The Last Analysis
Mr. Greenspan has been hailing the wonderment of the U.S. economy's new resilience, both to the bursting of the stock market bubble and to the various shocks from terrorists and the Iraq war.
But the cause is obvious. What, for the time being, has prevented a deeper and longer recession in the United States is more and more of the very same consumer-borrowing-and-spending bubble, which has been propelling U.S. economic growth over the past several years.
Yet two things have changed. The first one is the collateral behind the consumer borrowing and spending binge. Rising stock prices have been replaced by rising house prices. The second is that it needs more and more rampant credit and debt creation to master just marginal GDP growth.
Our highly critical assessment of the U.S. economy's performance during the past two to three years, in fact, finds its major justification in the atrocious discrepancy that has developed between extremely promiscuous monetary and fiscal stimuli and their extremely poor economic effects.
Between 2000 and 2002, the federal budget has swung from a surplus of $295 billion into a deficit of $257 billion, heading for a $400-500 billion deficit in 2003. During the same two years, total nonfinancial credit zoomed $2,520 billion and financial credit by another $1,879 billion, both adding up to $4.4 trillion.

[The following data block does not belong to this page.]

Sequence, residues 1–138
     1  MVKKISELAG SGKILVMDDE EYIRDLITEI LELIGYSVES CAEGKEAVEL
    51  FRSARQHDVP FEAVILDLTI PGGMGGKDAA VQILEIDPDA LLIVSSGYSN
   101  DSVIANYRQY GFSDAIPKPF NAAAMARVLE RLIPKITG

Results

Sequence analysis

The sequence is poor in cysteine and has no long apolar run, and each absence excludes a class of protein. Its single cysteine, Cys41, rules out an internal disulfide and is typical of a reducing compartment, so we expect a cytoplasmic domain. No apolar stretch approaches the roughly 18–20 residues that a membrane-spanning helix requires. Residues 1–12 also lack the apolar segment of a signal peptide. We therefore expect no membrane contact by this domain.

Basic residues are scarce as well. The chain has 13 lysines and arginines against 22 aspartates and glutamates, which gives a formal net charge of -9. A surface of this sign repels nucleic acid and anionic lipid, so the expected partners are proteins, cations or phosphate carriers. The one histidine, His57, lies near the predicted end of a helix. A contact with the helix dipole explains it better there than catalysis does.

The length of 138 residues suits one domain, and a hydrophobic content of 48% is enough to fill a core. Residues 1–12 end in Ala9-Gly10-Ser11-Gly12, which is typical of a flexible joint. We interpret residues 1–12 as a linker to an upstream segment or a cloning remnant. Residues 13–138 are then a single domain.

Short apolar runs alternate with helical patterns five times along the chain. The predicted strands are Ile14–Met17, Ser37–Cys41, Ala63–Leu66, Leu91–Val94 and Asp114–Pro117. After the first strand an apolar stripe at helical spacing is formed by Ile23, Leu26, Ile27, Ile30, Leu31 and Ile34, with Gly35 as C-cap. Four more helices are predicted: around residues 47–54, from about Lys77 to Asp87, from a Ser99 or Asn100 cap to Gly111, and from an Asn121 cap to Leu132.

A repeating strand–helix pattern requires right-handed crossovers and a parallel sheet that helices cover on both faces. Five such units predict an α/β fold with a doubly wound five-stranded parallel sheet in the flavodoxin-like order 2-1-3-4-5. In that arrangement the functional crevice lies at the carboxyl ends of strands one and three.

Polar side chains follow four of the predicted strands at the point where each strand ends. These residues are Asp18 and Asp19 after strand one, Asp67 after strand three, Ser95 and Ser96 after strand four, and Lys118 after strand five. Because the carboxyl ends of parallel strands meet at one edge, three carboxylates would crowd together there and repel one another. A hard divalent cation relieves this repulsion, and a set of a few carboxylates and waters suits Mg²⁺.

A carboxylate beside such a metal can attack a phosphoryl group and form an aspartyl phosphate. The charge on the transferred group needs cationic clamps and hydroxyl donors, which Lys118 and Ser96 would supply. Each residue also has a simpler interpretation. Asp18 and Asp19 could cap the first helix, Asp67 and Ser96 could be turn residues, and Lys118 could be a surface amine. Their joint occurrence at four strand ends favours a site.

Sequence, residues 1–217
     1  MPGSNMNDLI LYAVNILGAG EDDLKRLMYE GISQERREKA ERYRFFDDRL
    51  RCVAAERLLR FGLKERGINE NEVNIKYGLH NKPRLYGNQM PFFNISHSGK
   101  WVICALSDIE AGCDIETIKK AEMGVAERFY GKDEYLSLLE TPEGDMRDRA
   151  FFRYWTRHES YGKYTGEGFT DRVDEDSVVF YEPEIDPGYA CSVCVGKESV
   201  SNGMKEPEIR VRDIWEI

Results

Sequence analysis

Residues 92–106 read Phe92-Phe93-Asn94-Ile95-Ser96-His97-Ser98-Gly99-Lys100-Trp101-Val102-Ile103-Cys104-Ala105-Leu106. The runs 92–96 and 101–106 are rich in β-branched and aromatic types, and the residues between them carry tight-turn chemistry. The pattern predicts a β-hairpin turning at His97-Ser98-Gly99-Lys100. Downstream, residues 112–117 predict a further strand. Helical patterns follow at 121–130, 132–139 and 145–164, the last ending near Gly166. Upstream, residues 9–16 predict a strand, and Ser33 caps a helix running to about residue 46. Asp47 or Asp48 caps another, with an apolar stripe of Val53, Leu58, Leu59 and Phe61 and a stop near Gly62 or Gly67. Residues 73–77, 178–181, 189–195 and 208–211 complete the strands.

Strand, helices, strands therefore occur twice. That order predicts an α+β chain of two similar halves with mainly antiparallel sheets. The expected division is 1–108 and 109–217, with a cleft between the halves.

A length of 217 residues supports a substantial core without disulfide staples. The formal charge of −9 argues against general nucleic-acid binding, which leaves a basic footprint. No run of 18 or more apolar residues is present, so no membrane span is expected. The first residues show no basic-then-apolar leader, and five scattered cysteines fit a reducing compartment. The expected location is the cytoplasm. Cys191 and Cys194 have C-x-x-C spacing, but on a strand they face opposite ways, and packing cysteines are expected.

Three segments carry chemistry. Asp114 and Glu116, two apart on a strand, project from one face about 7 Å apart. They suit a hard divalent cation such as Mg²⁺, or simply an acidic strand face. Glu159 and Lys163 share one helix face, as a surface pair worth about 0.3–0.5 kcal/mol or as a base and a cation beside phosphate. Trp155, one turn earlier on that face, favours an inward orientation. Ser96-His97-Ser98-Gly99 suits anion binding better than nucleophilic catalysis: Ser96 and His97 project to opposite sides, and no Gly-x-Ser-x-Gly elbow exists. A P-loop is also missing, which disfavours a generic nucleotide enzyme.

What was the effect of this credit and debt deluge on the economy? GDP during these two years grew in real terms by $248 billion and in nominal terms by $621 billion. To us, this is an outright policy disaster.
Yet, American consensus economists are definitely consistent in their approach. Undeterred by data that overwhelmingly point to the enduring weakness of the economy, they stick to the same forecast of the U.S. economy's imminent, strong recovery. Though there is no trace of the generally predicted postwar snapback, optimism about the U.S. economy and its imminent, strong recovery remain the order of the day.
Betting on the government's third tax cut, further Federal Reserve easing, a weaker currency, and still more mortgage refinancing, the consensus expects economic growth to accelerate to 3-4% in the second half of this year, compared to the dismal sub-2% in the first half.
In striking contrast, Mr. Greenspan and the Fed have become distinctly more cautious in their utterances about the economy's prospects. The Fed's latest Beige Book admits that economic activity remains sluggish. Although "the unwinding of war-related concerns appears to have provided some lift to business and consumer confidence," the report said, "the effect has not been dramatic."
Consumer spending was said to have "remained lackluster." Labor markets were described as "weak" and manufacturing activity as "mixed." In particular, one remark concerning consumer spending shocked us: "Overall consumer spending was soft in April and May. Retail sales picked up some after subdued sales in March, but most reports indicated that sales remained below the level of a year ago."
This weakness in consumer spending is ominous, considering that new borrowing and mortgage refinancing are setting ever-new records. Both new and existing home sales rose to record highs last year, with mortgage origination totaling $2.5 trillion. According to estimates by the Mortgage Bankers Association, mortgage origination this year is set to reach even $3 trillion, with over $1.7 trillion of refinancings.